11. Prefabricated panels as in claim 9, wherein both sides of said upper and lower lips, respectively, are reinforced with a material of high-modulus, high-strength fibers to increase their beam flexural strength while maintaining nearly constant thickness thereof.
12. Prefabricated panels as in claim 11, wherein said high-modulus, high-strength fiber material is of woven aramid fibers.
13. Prefabricated panels as in claim 9, wherein said laminar structure is constructed slightly thicker along the top edges about the perimeter thereof in the area where the laminar structure is reinforced with high-modulus, high-tensile-strength fiber material for stiffening the panel edges to obtain higher load capacity and to prevent excessive deflection at joints between joined adjacent like laminar structures due to rolling aircraft wheel type loads.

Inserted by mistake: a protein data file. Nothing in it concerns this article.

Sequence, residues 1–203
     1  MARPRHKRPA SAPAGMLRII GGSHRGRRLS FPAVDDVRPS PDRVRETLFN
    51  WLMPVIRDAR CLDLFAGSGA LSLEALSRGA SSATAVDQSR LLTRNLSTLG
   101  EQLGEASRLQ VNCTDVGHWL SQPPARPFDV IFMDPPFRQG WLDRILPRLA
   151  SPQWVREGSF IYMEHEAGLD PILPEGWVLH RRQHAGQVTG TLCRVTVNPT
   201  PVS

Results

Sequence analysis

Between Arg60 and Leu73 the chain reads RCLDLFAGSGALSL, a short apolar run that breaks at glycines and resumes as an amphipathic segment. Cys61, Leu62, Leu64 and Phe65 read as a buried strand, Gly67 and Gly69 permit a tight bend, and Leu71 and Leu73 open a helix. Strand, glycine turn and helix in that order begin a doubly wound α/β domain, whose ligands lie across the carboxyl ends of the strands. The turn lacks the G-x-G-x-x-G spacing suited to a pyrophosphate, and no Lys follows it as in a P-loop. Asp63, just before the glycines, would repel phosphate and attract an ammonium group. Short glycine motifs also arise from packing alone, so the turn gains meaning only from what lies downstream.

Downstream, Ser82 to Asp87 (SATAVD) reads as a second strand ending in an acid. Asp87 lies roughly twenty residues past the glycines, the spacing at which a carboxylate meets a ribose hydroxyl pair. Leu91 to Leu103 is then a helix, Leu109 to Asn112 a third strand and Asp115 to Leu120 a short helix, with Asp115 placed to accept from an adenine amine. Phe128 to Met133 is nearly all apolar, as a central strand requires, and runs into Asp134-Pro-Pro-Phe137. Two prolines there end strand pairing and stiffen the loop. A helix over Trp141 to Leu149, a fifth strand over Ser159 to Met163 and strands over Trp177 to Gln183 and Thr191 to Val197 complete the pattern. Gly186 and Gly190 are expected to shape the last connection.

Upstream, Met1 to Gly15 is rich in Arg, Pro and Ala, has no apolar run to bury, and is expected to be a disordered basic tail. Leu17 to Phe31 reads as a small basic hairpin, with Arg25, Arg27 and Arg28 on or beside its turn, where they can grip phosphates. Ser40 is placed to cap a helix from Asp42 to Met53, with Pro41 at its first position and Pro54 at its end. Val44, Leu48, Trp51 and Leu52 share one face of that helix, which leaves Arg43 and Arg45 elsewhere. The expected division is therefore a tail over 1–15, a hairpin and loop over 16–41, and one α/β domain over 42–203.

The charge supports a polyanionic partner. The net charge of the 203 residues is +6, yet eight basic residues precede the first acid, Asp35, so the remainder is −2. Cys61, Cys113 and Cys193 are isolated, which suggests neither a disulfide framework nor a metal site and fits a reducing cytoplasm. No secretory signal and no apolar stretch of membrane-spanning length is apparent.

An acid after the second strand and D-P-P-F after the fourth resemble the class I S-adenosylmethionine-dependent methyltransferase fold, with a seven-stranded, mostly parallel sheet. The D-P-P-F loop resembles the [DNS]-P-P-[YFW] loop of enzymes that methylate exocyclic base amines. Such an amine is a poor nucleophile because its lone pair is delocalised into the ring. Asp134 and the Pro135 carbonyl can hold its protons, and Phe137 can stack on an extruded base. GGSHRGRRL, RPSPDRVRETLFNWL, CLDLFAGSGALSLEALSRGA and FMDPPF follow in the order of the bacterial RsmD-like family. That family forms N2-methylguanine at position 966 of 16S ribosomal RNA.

Description
BACKGROUND OF THE INVENTION

This invention relates to portable mats which are interconnected together to form and/or repair airfield runways.

Currently there are a variety of portable airfield landing mats in the prior art literature. However, most such mats are for lightweight aircraft, helicopters and VTO aircraft, and are unsuitable for heavy aircraft. One matting presently in use for surfacing of expeditionary airfields and for rapid runway repair consists of extruded aluminum planks. The aluminum matting planks, however, are difficult to produce and are expensive, and also present a bump profile which causes overstressing of critical components of aircraft which must traverse bomb craters in runways surfaced over with such matting. Other landing mats involve complex laminar and/or mechanical structures which are also difficult and expensive to produce.

SUMMARY OF THE INVENTION